EdFringe 2019 Review: Scream Phone

Scream Phone

Rating: ★★★
Venue: Gilded Balloon Patter Hoose

Natasha Granger and Kerrie Thomason write Scream Phone a high comic homage to classic eighties and nineties horror films. This blend of raucous comedy and high camp eighties musical presents big laughs and plenty of crowd-pleasing appeal.

Popular ‘Beaver Babe’ Melody (Granger) invites her school friends man-eating Janice (Thomason) and book work Stacey (Alexandra Lewis) to her creepy home for a sleepover. Here they begin to receive calls on their ‘Dream Phone’ from a scorned school-mate which begins to lead to some sinister proceedings.

Playing with films like Scream, I Know What You Did Last Summer and When a Stranger Calls, Scream Phone finds the high camp humour in classic horror tropes and revels in sending them up. The spirit of teen comedies like Clueless feel present in the hilariously direct and gleefully bitchy dynamic between the three girls – sending up the notion of the classic ‘popular girl’ teenager: obsessed with boys, looking glamorous and rebelling from parents (Thomason steps into the dual roles of both Janice and Melody’s eccentric mother). From sinister cutaways, eerie powercuts and malevolent voices on the phone – Scream Phone delights in sending up the genre in the silliest ways possible.

The joy of Scream Phone is the game humour embraced by the production’s three actresses. All guards are dropped and these performances embrace the high camp nature of the narrative – Granger excels as the bitchy blonde Queen Bee whose razor-sharp off the cuff remarks shine (“You frigid slut!”), Lewis delights as the over-the-top bookworm obsessed with Melody, whilst Thomason provides belly laughs as ditsy faux-man eater Janice (a condom eating scene brings a blend of true horror and manic hilarity). The three actresses have a sparky chemistry and command the stage as the trio of ruthless Beaver Babes.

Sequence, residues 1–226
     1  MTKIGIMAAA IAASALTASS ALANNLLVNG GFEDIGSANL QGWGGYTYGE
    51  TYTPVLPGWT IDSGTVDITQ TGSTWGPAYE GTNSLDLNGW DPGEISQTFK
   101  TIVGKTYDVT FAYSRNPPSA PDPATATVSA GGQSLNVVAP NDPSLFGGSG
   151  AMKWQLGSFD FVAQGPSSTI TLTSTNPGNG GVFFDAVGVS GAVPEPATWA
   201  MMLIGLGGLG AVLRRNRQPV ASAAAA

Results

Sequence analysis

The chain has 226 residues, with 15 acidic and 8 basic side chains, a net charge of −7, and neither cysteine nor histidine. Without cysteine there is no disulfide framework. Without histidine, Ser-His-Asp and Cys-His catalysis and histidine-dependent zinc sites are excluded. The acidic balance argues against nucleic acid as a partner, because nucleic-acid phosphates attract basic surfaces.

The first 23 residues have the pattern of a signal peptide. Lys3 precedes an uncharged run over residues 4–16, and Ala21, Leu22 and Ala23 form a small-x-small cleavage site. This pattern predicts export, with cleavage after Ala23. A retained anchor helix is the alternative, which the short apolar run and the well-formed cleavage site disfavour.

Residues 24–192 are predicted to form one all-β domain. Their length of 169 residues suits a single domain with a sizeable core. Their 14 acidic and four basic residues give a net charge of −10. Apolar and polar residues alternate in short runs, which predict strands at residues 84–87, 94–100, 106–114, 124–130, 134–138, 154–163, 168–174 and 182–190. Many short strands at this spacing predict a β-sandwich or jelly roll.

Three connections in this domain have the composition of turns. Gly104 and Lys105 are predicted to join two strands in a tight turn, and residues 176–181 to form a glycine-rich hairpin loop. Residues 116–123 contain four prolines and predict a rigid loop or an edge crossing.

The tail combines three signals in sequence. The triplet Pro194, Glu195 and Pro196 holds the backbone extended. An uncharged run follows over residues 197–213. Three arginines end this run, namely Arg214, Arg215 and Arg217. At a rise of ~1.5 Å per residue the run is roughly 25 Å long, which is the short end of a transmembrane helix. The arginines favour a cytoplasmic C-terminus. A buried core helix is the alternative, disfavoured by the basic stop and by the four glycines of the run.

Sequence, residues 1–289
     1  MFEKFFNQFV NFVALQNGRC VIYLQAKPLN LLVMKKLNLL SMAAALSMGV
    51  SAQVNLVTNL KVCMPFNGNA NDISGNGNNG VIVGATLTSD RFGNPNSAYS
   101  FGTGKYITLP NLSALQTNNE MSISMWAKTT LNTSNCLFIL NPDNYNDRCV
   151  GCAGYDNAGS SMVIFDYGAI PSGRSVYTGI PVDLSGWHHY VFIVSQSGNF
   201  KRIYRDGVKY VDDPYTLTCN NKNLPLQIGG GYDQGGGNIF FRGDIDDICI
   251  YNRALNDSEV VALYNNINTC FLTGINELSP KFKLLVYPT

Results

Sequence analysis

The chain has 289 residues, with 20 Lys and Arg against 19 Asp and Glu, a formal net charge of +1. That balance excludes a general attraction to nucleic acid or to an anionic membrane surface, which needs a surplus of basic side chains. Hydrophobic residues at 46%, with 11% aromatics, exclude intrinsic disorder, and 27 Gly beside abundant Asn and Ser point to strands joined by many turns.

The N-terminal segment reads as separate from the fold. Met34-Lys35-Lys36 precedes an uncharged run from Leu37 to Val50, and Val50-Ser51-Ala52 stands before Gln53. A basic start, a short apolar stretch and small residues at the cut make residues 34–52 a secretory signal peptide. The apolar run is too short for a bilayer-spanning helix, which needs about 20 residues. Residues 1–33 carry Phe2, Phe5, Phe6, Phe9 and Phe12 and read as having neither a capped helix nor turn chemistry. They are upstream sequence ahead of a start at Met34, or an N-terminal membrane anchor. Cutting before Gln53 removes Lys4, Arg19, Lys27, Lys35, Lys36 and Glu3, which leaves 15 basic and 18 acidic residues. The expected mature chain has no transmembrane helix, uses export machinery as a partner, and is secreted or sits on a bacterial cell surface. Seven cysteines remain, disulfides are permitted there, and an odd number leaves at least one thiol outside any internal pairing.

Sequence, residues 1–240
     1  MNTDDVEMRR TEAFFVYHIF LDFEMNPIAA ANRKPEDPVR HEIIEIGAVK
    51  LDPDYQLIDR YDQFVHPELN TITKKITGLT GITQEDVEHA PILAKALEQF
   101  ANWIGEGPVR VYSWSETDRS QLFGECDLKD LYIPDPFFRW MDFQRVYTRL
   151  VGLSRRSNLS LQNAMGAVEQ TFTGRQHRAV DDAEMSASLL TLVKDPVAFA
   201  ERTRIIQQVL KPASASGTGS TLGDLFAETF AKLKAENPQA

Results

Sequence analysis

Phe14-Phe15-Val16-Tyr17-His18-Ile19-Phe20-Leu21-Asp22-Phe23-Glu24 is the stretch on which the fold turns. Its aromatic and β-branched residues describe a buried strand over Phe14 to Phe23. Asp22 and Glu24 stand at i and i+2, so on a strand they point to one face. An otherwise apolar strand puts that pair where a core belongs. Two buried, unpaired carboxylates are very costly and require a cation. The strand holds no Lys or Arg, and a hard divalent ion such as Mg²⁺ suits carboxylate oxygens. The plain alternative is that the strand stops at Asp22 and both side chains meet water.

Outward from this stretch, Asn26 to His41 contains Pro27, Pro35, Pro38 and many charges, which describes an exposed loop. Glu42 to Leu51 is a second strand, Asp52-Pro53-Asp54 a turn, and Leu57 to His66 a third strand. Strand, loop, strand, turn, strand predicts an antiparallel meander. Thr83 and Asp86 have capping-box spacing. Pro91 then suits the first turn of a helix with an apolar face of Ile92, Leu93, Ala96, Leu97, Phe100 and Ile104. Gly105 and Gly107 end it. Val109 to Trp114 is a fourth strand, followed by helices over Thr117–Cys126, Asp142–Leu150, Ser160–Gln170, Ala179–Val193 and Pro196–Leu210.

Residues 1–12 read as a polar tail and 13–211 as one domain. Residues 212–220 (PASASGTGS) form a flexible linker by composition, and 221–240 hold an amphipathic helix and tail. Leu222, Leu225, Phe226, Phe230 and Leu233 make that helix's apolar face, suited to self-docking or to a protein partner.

Praise should also go to composer Martin Higgins who crafts the musical angle of the show. Taking classic eighties hits and turning them into parody tracks helps transport us to the show’s eighties setting and enhances the camp fun of Scream Phone. Parody tracks paying homage to Like a Virgin, Kids in America, Girls Just Wanna Have Fun, Sweet Dreams, Heaven Is a Place on Earth and One Moment in Time bring further silliness to Scream Phone.

Scream Phone delights in embracing the camp of eighties’ popular culture. An unrestrained sense of humour and failure to take itself seriously ensures that it is a kitsch delight from start to finish.

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